It’s 4:00 AM in the morning. You’re finishing your amazing Rails WebApp which will let final users download free content without paying anything. You’re almost done, polishing some details. However, you lack of one feature, and you don’t know how to implement it (really? are you serious? after all this?): track how many times has a file been downloaded.

Fear not, my friend! I’ve the solution for you, right on this post.


As stated on that amazing introduction, we need to track how many times a file has been downloaded. There is no way for Rails routes to persist how many times a route has been accessed (actually, it can, but rack middleware is required). So, how do we solve this?


Models. Yup. That’s it. We’ll store how many times a link has been accessed by using a database record. We need to store the path (e.g. the file route) and the download count. There are many ways to store that information in the database. For example:

  • Store download count into an existent model.
  • Create a new model, storing controller, action, file_id … and download count.
  • Create a new model, storing the path and count.
  • Create a new model, storing the count, and relating it with the downloadable model.

I think that the third option is the most flexible of all of them, because we can track anything we want; from file download to per route access, building some cool stats for software destroyers marketing team.

The table scheme will be the following for this case:

id: integer path: text count: integer
1 /files/32/download 243
2 /files/24/download 12560

Easy, right? Note that path should be indexed to speed up queries.

After setting the model, the controllers must increment the corresponding path record every time is accessed.

Now, it’s time to work!


First, we need a model to store the table’s information. We should call it… RequestCounter. Original, isn’t it?

This is pretty straightforward:

$ rails generate model request_counter path:text counter:integer

We want path to be primary key and count to be 0 as default, so we need to update the migration file to look like this:

class CreateRequestCounters < ActiveRecord::Migration
  def change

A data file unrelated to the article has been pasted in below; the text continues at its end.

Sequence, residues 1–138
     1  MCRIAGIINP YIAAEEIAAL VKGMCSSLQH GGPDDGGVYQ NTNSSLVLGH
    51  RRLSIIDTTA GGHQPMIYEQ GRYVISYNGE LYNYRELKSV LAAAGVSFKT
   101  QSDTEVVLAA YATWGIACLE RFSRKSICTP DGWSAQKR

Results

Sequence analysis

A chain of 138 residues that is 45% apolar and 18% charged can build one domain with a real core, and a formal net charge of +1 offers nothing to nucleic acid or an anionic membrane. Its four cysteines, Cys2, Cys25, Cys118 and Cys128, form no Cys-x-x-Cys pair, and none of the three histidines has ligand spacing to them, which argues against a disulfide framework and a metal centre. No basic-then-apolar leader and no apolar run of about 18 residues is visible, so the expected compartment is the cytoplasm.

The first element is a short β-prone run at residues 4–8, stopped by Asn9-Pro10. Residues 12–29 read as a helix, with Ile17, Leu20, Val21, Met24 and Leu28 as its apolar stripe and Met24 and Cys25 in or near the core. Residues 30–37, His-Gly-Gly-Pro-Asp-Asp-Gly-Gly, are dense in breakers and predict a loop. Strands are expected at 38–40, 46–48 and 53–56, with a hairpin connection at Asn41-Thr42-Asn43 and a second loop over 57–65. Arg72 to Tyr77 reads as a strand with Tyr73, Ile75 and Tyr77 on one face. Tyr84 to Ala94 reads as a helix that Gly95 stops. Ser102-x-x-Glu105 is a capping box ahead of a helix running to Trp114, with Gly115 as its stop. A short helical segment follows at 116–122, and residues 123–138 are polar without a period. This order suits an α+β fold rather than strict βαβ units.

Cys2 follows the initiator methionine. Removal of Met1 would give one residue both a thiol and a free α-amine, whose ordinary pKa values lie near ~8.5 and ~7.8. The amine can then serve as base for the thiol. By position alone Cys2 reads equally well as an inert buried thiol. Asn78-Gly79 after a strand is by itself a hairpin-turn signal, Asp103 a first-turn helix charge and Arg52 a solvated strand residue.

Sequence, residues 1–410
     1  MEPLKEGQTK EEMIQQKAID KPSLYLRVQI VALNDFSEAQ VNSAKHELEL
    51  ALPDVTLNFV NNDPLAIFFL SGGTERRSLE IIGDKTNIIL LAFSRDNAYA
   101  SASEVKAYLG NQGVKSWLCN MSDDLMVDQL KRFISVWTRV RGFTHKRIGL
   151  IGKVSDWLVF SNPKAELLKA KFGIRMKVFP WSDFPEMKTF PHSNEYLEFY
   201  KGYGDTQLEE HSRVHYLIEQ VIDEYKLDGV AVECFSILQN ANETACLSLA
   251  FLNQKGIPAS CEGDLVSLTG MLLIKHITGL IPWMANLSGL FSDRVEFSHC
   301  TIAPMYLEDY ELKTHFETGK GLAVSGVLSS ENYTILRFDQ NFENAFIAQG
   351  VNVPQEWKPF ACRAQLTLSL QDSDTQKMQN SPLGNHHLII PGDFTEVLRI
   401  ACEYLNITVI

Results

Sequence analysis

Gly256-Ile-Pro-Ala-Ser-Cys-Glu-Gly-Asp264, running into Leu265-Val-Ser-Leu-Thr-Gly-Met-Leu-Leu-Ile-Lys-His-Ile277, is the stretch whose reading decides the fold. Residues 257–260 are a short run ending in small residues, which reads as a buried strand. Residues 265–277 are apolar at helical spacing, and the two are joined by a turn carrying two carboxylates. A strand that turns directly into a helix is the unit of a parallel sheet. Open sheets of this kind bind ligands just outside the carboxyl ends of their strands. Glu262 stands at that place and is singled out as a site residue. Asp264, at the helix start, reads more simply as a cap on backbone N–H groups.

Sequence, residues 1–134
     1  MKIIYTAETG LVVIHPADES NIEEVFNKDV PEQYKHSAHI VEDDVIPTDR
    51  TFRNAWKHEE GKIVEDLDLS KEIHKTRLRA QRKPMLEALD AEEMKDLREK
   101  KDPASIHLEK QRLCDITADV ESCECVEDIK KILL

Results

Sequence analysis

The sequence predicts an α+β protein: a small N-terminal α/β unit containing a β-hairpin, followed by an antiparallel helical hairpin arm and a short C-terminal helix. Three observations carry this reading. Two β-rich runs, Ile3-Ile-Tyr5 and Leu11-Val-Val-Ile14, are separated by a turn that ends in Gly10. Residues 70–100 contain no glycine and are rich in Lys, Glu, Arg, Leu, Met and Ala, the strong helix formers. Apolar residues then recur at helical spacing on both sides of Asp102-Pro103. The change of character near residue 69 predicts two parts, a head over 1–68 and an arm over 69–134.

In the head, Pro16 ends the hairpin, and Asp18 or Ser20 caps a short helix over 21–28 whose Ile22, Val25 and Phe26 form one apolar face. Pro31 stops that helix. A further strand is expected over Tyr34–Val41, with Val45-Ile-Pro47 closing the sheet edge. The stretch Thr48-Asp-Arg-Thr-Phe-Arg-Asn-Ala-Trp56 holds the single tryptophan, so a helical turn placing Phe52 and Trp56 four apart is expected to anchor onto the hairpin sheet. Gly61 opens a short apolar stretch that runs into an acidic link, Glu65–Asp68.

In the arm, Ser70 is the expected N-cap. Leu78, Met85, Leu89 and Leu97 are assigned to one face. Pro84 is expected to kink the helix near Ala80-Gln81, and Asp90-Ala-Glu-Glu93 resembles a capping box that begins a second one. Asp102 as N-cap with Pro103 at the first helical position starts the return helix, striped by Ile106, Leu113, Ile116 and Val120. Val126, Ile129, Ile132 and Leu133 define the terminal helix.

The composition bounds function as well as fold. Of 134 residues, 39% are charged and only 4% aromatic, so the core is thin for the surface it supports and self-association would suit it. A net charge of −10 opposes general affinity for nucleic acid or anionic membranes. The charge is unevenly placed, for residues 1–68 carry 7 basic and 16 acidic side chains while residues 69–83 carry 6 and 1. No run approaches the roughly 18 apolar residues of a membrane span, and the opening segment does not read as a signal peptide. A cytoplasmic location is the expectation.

create_table :request_counters do |t|
      t.text :path, index: true # indexed attribute
      t.integer :counter, default: 0 # 0 as default


Now,let’s add some methods to the model:

class RequestCounter < ActiveRecord::Base
  def inc
    self.class.increment_counter :counter,

So, why should we use ActiveRecord::Base::increment_counter instead of ActiveRecord::Base#increment or += 1? The answer is simple: we want our increments to be atomic. Imagine a race condition where to users download the same file at the very same time; this may lead to conflicts and the counter may be incremented by 1 instead of 2, and we don’t want that. Instead, increment_counter will perform the increment on the database layer of our application (instead of doing something like SET COLUMN TO VALUE, it’ll INCREMENT COLUMN BY 1).

And now, the controller. Each time a download link is accessed, the related counter should be increment. To handle any kind of link (even paths), we’ll put the main code in the ApplicationController class:

class ApplicationController < ActionController::Base
  def register_path_request
    request_counter = RequestCounter.find_or_create_by path: request.path
  # ...

Isn’t the find_or_create_by method cool? If the record is not found, then it’s created! After that, the counter is incremented by one with RequestCounter#inc.

  • But… the ApplicationController#register_path_request is not called anywhere! How do we use it?

That’s a good question! Well use after_action callback in one of our controllers to call this method. For example, imagine that we have the following controller:

class FilesController < ApplicationController
  # GET /files/:id
  def show
    send_file "path/to/file_#{params[:id]}.txt"

  # ...

We’ll add an after_action to track each time /files/:id is requested:

class FilesController < ApplicationController
  after_action :register_path_request, only: [:show]

  # ...

And you’re done! Every time you access the very same path or route, the counter will be created (if not found) and incremented by one. Try different implementations and use the one that fits better for your needs.


So, in summary:

  • Use a model to store the information in the database.
  • Track requests count by path, action-controller, model, etc.
  • Use action callbacks to increment the counters automatically.

Happy coding!